Letter from Santa? Or is it bait from a scam artist?

Letter from Santa? Or is it bait from a scam artist?


The Tennessee Department of Commerce and Insurance’s Division of Consumer Affairs is warning consumers to be wary of holiday-themed scams during this season of giving.

Because scammers use the holidays to prey upon the good nature of others, Tennesseans are urged to guard their personal information carefully and stay informed of the latest schemes and swindles. TDCI reminds consumers that “if it sounds too good to be true, it probably is” remains one of the best guidelines when it comes to avoiding scams.

Many holiday scams involve phishing. Phishing is the act of tricking consumers into revealing information or performing actions they wouldn’t normally do online using phony email or social media posts. Cyberscammers tailor their emails and social messages with holiday themes in the hopes of tricking recipients into revealing personal information.

The Division of Consumer Affairs encourages consumers to be familiar with these common holiday scams:                                                         

  • UPS phishing scams: A phony notice from UPS says you have a package and need to fill out an attached form to get it delivered. The form may ask for personal or financial details that will go straight into the hands of the cyberscammer.
  • Banking phishing scams: Cybercriminals craft emails to look like notices sent by actual banks in hopes of scamming busy and distracted consumers into providing their online banking usernames and passwords.
  • SMS phishing scams: Scammers send fake messages via a text alert to a phone, notifying an unsuspecting consumer that his bank account has been compromised. The cybercriminals then direct the consumer to call a phone number to get it re-activated—and collects the user’s personal information including Social Security number, address, and account details.
  • E-card scams: While sending electronic cards can be convenient and fun, beware if you must share additional information to open the card, or if the sender’s name is not apparent.
  • Holiday job scams: Retailers and delivery services need extra help at the holidays, but beware of solicitations that require you to share personal information online or pay for a job lead. Apply in person or go to retailers’ main websites to find out who is hiring.
  • Letters from Santa scams: Several trusted companies offer charming and personalized letters from Santa, but scammers mimic them to get personal information from unsuspecting parents. Check with www.bbb.org  to find out which ones are legitimate.
  • Family emergency scams: Be cautious if you get a call or email from a family member or friend claiming to be in an accident, arrested, or hospitalized while traveling in another country. Never send money unless you confirm with another family member that it’s true.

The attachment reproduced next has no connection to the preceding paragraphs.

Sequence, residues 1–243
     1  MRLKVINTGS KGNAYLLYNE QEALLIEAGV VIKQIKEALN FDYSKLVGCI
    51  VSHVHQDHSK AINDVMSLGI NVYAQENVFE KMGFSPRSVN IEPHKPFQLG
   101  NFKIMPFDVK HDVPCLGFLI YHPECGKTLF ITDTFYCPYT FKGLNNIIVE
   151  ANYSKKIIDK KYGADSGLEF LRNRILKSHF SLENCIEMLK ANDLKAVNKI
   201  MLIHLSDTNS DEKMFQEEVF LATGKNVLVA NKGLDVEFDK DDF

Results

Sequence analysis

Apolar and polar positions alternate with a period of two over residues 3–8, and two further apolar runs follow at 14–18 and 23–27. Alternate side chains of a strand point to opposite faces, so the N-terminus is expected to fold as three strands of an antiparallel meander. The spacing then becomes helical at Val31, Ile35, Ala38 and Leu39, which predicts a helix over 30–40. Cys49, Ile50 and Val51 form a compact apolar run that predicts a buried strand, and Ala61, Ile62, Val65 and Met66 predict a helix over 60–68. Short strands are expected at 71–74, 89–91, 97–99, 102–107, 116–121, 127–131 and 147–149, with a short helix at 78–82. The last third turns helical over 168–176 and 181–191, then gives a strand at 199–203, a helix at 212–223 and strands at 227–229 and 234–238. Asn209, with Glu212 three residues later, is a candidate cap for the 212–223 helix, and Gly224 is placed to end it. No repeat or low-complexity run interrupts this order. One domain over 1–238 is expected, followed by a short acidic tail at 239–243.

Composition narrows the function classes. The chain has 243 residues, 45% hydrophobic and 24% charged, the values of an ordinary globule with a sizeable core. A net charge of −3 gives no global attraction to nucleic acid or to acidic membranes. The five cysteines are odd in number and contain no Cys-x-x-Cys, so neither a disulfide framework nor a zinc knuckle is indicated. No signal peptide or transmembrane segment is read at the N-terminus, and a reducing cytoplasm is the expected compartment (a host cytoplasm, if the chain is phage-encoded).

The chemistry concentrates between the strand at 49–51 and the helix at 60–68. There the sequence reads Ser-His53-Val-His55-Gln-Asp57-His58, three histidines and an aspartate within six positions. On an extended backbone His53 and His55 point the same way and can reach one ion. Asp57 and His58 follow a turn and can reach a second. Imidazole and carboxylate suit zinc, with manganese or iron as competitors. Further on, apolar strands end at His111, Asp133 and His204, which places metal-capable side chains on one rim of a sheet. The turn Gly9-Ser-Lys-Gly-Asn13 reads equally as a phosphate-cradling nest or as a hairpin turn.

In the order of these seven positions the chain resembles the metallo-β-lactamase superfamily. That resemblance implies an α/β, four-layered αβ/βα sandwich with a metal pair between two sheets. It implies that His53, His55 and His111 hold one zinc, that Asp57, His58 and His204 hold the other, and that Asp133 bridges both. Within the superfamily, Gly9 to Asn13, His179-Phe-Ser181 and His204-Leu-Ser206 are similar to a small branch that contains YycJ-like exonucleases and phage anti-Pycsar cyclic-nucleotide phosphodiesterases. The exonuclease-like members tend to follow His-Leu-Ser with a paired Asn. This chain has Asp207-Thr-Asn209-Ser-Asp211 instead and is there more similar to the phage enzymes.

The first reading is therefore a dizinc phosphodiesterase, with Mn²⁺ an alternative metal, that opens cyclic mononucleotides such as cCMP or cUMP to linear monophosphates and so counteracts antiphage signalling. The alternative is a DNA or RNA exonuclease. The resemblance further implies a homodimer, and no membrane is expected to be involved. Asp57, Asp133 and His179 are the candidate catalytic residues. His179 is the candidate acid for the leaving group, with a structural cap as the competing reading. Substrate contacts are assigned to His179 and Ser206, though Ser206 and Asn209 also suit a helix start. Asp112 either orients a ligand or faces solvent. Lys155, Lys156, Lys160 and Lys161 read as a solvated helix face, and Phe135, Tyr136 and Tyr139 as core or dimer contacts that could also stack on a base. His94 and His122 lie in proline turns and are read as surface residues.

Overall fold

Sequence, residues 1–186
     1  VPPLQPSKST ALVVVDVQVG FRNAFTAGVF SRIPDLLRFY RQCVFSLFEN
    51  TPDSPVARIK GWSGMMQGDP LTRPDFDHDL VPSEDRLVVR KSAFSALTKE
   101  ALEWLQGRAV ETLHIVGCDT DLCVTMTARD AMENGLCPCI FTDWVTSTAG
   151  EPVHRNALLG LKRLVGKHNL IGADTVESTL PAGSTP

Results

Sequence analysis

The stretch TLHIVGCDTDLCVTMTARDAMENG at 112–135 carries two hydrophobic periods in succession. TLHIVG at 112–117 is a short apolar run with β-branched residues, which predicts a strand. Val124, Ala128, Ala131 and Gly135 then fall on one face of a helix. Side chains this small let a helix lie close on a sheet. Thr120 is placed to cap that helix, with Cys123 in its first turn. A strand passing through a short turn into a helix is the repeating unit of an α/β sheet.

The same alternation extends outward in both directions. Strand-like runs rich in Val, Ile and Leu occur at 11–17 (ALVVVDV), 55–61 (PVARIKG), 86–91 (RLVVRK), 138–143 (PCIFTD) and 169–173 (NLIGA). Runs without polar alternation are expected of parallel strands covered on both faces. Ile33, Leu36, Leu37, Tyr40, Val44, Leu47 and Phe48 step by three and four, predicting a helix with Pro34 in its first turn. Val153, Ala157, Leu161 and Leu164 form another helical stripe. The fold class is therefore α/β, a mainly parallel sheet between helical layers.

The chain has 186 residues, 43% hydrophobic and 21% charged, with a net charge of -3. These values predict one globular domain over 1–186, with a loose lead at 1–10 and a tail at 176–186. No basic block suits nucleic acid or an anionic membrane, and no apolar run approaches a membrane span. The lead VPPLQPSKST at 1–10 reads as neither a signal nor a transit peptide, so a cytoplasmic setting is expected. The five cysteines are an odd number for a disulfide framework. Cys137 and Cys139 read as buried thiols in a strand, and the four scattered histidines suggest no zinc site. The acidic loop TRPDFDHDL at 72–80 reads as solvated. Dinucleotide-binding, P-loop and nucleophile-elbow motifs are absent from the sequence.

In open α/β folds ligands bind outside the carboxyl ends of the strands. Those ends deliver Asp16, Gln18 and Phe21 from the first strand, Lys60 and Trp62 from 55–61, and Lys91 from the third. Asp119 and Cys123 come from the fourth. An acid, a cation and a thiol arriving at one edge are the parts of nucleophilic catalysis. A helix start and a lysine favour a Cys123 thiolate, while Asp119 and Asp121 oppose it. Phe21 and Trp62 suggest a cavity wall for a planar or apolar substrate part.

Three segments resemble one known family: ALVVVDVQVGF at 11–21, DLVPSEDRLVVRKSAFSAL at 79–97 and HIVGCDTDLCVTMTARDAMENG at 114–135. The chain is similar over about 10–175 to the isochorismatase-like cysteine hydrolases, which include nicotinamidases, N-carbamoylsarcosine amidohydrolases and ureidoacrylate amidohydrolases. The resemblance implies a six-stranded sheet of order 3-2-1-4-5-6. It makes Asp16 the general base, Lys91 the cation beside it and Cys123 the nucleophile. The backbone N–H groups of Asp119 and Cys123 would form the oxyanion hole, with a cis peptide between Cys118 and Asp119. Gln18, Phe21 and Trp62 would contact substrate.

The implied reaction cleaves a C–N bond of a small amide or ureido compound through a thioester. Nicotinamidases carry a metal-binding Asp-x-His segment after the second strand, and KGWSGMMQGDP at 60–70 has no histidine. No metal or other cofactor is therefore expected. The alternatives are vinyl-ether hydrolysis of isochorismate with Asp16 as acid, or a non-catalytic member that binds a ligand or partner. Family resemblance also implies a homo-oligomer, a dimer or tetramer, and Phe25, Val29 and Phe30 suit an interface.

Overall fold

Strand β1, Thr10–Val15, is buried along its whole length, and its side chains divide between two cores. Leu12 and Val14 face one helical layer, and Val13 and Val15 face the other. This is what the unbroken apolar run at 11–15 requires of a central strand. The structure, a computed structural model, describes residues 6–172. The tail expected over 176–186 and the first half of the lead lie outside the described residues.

TDCI offers the following additional precautions to help Tennesseans fight back against scam artists:

  • Be suspicious of anyone requiring you to send money with prepaid money cards.
  • Be suspicious of apps, online advertisements, or websites offering prices that seem suspiciously lower than retail prices at trusted retailers.
  • Consider paying with a credit card that offers fraud protection when possible.
  • Only shop on secure websites.  Look for https in the address (the extra “s” is for “secure”) and for a lock symbol.
  • When it comes to charitable giving, remember:
    • Don’t assume that charity recommendations on social media platforms or blogs have already been vetted. Research the charity yourself.
    • Find out what percentage of your donation will go to the charity and whether you will be charged any fees for making a donation through a fundraising platform website.
    • Check to see if the charity is registered with the Tennessee Secretary of State.
    • Be cautious when looking to give to charities that pop up soon after a tragedy or natural disaster.
    • Websites posing as charities can sometimes look identical to the real organization. These fraudulent websites will often ask for personal or financial information over an unsecure connection or may download harmful malware into your computer. Look for a padlock symbol or “https” before the web address indicating that it is secure.
    • Avoid being pressured to make an immediate donation. Don’t hesitate to ask questions to get more information.
    • If you didn’t initiate contact, avoid giving personal or financial information over the phone.
    • Never write out a check or give cash to an individual solicitor. Write out checks to the name of the organization or use a credit card.

If you have been contacted by or fallen victim to a charity scam, report it to the Division of Charitable Solicitations, Fantasy Sports and Gaming at the Secretary of State’s Office; theFederal Trade Commission; your local police department or law enforcement agency; and your bank or credit card company if applicable.

If you are aware of any false, misleading or deceptive fundraising activity, please notify the Division of Charitable Solicitations, Fantasy Sports and Gaming immediately at (615) 741-2555 and ask to speak with an investigator. In addition to speaking with an investigator, please submit a complaint form.

For more scam-fighting resources, visit the TDCI Division of Consumer Affairs website. You can also check what scams are being reported in your area, the state, and across the country by accessing the Better Business Bureau’s Scam Tracker.

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